I was also able to utilize these positions as a platform to build a strong professional network. I established relationships with several people I would come to call mentors. It has been tremendously helpful to be able to call on them during my time in the field. I am eternally grateful to all of them for the support they’ve offered over the years. Their collective impact on my career path cannot be understated.

JJ: I like how you stress the ways that skills development and networking are both part of the practicum/internship/volunteering experience. I also note that you treated libraries, archives, and museums as a diverse but unified sector—what, with the inclusion of galleries, we sometimes call the GLAM (galleries, libraries, archives, and museums) fields. You have finished up your work at NMAAM and are soon to return to IU as a student. What will you be studying and what are your goals for your program?

This fall I am returning to IU to pursue a Master of Public Affairs degree in the of the School of Public and Environmental Affairs. My focus will be Nonprofit Management. After spending close to 5 years in the field I felt this area might be one where I could make an impact of significance. I am a strong believer in the importance of a strong and supportive organizational culture. I feel that strong support and sustained investment (financial and otherwise) in creating and empowering strong leaders is especially pronounced in the Nonprofit sphere as organizations are often understaffed and may not have salaries that reflect the impact of the work they do. I feel an environment that is energizing and offers the potential for professional and personal growth goes a long way to keep staff passionate about the mission they serve.

On a personal note, my hope is to broaden my Administrative skill set and to return to the field with a strong foundation in best practices for operating healthy Nonprofit organizations as well as some practical experience as well. The SPEA Nonprofit Management program stands to significantly deepen my understanding of many of the Administrative elements of leadership in Nonprofit organization such as budgets and philanthropy in general. I strongly believe a better understanding of how these concepts all work together will prove invaluable as I continue my career. The program also offers a Capstone project that I am very excited about, as it will afford me the opportunity to apply the concepts I will be learning in class to real world scenarios. I look forward to possibly returning to museums or working with other organizations in the Nonprofit sphere once I have completed my degree.

JJ: The leadership needs that you’ve identified for the non-profit sector are certainly pressing. I am excited for you that you have this new opportunity to return to SPEA and secure this additional training. I look forward to keeping up with your work, both in the nonprofit management program and throughout your career. Thank you for sharing your experiences with me. Good luck with your new round of studies.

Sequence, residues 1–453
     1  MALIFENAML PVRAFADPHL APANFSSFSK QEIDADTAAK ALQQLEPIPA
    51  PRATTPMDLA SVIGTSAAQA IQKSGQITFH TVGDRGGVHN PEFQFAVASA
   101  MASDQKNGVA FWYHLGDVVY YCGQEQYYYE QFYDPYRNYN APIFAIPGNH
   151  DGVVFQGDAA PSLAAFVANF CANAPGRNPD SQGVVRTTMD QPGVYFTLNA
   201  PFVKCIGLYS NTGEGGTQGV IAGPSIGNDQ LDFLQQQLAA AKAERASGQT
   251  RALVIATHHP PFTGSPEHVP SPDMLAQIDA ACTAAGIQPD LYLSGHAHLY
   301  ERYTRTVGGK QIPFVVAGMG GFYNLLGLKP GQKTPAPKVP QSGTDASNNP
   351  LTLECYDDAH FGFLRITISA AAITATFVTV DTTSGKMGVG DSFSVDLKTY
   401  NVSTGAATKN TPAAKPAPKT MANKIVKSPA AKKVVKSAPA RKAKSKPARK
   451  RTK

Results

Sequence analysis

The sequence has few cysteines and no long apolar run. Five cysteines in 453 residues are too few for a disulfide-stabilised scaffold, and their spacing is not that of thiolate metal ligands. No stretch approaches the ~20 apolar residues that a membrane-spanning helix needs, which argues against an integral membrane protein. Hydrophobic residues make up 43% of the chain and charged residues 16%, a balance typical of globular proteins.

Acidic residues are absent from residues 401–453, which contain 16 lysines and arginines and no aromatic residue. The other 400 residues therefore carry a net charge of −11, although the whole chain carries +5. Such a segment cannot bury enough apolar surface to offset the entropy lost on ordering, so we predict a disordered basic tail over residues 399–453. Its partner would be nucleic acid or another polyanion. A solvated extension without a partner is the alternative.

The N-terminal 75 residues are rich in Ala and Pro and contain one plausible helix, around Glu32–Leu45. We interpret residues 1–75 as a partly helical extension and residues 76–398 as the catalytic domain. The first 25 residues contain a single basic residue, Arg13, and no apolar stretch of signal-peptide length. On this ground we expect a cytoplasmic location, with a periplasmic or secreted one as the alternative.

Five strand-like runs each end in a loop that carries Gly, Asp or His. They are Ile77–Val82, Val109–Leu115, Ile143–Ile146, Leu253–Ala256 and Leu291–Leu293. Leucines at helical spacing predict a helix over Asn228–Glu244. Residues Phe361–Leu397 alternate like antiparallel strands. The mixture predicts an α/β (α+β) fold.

An Interview with Sterling Jenson of the March Field Air Museum

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Sterling Jenson is the Collections Manager at the March Field Air Museum in Riverside, California. He earned a B.A. degree in folklore and an M.A. degree in arts administration at Indiana University. While at IU, he was graduate assistant in the registration department at the Mathers Museum of World Cultures (MMWC) and a volunteer in its education department. He was also an intern at Traditional Arts Indiana, which is now a department of the MMWC.

Jason Baird Jackson (JJ): Thank you Sterling for your willingness to talk to me about your work as a museum professional and Indiana University alumnus. We’ll go back in time shortly, but could you tell me a bit about the March Field Air Museum and your work as its Collections Manager?

Sterling Jenson (SJ): The March Field Air Museum celebrates the history of aviation with a focus on one of the historical military airfields of the United States, the March Air Reserve Base. March Field was founded in 1918 and since that time has been an important part of the history of the [U.S.] Air Force and the Air Force Reserves, which means that the museum has an important legacy to present to the public. The museum has on display over seventy aircraft, including one of the two A-9s in existence, a SR-71 Blackbird, and, a PT-6 biplane trainer from 1930. The collections range in size from a B-52 on our flight line to ribbons awarded to airmen for their service. In order to house these objects, the museum has two hangars, an exhibit hall, and a library.